When it comes to comedy, I like to think I know what I’m doing. MOREVI: The Chronicles of Rafe & Askana, amidst its swashbuckling action and romance, indulged in some well-needed comedic scenes. The Case of the Singing Sword is my homage to mystery noir and epic fantasy, and takes great joy poking fun at both. The Ministry of Peculiar Occurrences offers up intrigue, twisted tales, and cliffhanging moments. There are also moments of whimsy that steampunk allows.
And before my life in between a book cover, I was treading the boards bringing to life comedy from Christopher Durang and William Shakespeare and making laughs up as I went with the good people at ComedySportz.
So yeah, I know a thing or two about comedy.
This is why I was a little disappointed and somewhat troubled by the early reviews of The Orville, a new science fiction comedy from Seth McFarlane. When the trailer dropped, the hype was the The Orville looked more like Star Trek than Star Trek’s upcoming Discovery. Continue reading →
While putting together The Ministry of Peculiar Occurrences blog and hopping around from steampunk site to steampunk site, I noticed a similar page at current online resources that Pip and I needed for our own. I also thought this would be a nice kick-off for the blog tour that we will be undertaking between now and May to promote Phoenix Rising, a post that begins with the basics: What is Steampunk?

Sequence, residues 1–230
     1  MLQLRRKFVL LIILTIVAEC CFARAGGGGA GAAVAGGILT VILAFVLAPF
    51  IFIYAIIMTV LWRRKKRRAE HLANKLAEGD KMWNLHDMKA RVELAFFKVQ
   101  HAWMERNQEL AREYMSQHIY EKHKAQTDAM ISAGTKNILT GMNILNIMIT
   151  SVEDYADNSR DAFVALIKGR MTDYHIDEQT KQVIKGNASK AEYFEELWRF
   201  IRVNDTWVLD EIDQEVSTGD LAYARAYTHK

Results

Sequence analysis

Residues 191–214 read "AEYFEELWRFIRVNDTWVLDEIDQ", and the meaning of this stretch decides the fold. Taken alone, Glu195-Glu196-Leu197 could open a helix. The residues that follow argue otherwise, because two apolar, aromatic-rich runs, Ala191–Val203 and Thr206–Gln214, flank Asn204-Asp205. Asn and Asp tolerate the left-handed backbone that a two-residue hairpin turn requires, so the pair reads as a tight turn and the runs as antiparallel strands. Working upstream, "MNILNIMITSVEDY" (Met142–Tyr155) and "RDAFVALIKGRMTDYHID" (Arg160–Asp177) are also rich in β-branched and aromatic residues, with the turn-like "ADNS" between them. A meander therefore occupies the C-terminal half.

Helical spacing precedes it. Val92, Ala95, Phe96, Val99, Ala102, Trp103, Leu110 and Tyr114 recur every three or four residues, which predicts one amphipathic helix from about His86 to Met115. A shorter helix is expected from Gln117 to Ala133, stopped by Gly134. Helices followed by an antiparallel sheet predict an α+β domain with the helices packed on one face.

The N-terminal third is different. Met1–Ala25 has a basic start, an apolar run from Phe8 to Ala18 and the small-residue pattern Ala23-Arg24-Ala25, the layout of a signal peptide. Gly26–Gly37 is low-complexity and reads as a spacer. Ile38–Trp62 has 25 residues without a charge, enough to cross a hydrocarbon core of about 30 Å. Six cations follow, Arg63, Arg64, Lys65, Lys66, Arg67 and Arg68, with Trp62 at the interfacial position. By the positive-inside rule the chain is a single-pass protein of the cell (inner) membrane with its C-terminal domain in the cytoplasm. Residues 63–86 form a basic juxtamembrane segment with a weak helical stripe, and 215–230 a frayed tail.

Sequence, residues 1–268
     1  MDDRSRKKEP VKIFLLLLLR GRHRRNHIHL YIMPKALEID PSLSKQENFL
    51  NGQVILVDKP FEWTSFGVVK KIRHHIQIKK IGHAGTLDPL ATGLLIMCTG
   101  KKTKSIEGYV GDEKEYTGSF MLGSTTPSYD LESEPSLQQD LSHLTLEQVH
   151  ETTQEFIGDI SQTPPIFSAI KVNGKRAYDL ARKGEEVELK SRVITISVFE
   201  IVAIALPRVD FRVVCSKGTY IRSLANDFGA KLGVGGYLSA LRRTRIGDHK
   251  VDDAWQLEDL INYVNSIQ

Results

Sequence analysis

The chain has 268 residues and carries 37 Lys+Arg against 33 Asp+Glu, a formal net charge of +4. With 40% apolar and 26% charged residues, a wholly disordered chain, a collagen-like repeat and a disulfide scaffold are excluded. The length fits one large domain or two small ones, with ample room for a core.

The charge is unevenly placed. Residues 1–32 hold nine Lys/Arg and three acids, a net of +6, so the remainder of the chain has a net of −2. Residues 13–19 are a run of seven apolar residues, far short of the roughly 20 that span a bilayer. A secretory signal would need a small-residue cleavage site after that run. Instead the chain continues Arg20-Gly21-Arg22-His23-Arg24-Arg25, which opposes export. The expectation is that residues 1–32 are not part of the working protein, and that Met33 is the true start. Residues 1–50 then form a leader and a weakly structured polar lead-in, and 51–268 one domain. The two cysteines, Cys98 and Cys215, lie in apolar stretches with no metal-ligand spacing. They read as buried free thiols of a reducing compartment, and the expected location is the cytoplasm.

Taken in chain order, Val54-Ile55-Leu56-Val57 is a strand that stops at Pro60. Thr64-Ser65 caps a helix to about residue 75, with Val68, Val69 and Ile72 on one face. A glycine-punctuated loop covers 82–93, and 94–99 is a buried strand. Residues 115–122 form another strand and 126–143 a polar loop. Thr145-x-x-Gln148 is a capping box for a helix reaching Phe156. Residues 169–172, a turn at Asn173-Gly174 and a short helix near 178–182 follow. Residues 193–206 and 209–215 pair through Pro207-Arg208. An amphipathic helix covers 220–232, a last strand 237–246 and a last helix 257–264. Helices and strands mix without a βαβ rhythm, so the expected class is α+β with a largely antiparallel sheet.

Depending on which website you visit, be it the Wikipedia entry (featuring our good friend and creative talent, Jared Axelrod in this photo by Kyle Cassidy, licensed under Creative Commons 3.0) or Steampunk.com, you will get a variety of answers and interpretations to this creative movement that has been growing in popularity, but also capturing mainstream curiosity.
So I put together for the Ministry a page that gave several descriptions of what we thought constitutes steampunk. So, when you hear me talk about it and you still remain curious as to what it is, I present an “elevator pitch” to start off with, eventually work up to the “deep dive” that not only touches on the foundations of the genre, but even touches on the debate making rounds online and at the cons. Continue reading →